- a difficult or disagreeable obligation, task, burden, etc.
- burden of proof.Compare onus probandi.
- blame or responsibility.
Origin of onus
Synonyms for onusSee more synonyms for on Thesaurus.com
- the burden of proof.
Related Words for onusload, duty, encumbrance, weight, culpability, tax, millstone, incubus, stigma, blot, charge, blur, responsibility, stain, oppression, odium, slur, brand, spot, liability
Examples from the Web for onus
Contemporary Examples of onus
However, Gold put the onus on herself and other more established women.These Women Are Labias-to-the-Wall Funny
November 7, 2014
UNO puts such an onus on smoking students that it ultimately seems like a bully, even more than a nanny.The University Of New Orleans’ Cigarette Ban Is Total BS
October 21, 2014
Asked about funding public libraries, Osborne put the onus of responsibility on local councils.Why 7 Times 8 Tripped Up the UK Chancellor
July 4, 2014
The onus is on one man to hold this wacky goulash of punditry together: Mike Tirico.World Cup Anchor Mike Tirico’s Bizarre History: Reports of Stalking and Sexual Harassment
July 1, 2014
Trying to put the onus onto someone else for your own decisions is really cowardly and kind of dishonest.Speed Read: Terry Richardson on Sex, Lies, and Lindsay Lohan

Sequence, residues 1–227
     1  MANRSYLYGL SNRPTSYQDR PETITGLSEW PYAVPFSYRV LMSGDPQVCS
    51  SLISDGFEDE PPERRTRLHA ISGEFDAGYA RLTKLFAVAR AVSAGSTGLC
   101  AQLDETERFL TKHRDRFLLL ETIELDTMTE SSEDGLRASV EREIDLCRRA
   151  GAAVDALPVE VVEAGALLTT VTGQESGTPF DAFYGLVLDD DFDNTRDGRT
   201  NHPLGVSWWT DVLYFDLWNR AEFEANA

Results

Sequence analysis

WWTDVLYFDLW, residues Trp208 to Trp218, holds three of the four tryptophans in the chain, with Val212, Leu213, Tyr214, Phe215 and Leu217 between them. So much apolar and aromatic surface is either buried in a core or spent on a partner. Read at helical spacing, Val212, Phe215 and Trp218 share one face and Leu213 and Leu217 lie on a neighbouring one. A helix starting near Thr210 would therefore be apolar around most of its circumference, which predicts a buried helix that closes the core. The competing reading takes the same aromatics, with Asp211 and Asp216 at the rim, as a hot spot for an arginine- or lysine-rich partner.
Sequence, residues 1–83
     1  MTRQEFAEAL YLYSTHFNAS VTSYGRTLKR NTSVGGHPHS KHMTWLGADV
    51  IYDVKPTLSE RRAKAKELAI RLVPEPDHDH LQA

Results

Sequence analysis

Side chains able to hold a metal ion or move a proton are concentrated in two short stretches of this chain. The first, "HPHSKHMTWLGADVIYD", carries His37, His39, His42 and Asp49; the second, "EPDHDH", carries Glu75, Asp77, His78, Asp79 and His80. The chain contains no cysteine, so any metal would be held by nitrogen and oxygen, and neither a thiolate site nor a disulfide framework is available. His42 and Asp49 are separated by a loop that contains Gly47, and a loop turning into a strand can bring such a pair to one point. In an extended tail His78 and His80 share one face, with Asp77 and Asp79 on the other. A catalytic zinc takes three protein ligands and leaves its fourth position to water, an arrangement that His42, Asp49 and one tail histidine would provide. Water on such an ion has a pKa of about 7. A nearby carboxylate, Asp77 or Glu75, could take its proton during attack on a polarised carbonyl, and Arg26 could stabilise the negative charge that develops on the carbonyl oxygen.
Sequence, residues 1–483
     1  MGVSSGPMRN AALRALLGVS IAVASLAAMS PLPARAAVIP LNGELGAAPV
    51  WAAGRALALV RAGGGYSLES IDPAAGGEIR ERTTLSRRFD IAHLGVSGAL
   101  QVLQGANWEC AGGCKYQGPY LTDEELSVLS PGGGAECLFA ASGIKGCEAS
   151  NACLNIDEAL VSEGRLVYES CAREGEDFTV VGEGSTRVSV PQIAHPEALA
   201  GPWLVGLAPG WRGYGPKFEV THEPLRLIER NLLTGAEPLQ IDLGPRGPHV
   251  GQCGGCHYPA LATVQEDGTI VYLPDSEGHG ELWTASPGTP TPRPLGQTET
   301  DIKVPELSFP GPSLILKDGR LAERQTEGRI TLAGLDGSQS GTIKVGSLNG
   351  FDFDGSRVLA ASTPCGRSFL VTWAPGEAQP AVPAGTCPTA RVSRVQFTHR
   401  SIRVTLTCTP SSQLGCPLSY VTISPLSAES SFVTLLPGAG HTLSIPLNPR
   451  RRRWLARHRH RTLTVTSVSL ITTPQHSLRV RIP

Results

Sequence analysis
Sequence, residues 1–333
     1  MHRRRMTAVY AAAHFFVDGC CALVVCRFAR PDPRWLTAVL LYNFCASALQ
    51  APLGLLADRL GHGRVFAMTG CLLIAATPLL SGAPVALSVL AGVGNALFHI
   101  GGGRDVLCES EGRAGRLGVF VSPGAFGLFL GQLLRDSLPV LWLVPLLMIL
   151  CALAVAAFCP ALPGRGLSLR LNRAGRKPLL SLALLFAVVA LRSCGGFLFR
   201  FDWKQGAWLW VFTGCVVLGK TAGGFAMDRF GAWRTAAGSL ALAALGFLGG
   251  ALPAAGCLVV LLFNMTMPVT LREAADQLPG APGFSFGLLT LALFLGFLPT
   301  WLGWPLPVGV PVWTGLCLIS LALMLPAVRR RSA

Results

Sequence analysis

June 16, 2014
Historical Examples of onus
It threw upon the Senate the onus of repairing the defects of the bill.
Any tyro in the logics will tell thee that the onus of proving lies with the accuser.Dreamers of the Ghetto
At all events the onus of proof rests with those who assert it is imponderable.Aether and Gravitation
William George Hooper
Let it be understood by such as are aware of what has been, that I bear the onus of the rupture.Heartsease
Charlotte M. Yonge
The onus of speech seemed to rest with him, and he accepted it.The Yellow House
E. Phillips Oppenheim
- a responsibility, task, or burden
Word Origin for onus
- law the Latin phrase for burden of proof
1640s, from Latin onus "load, burden," figuratively "tax, expense; trouble, difficulty," from PIE *en-es- "burden" (cf. Sanskrit anah "cart, wagon"). Hence legal Latin onus probandi (1722), literally "burden of proving."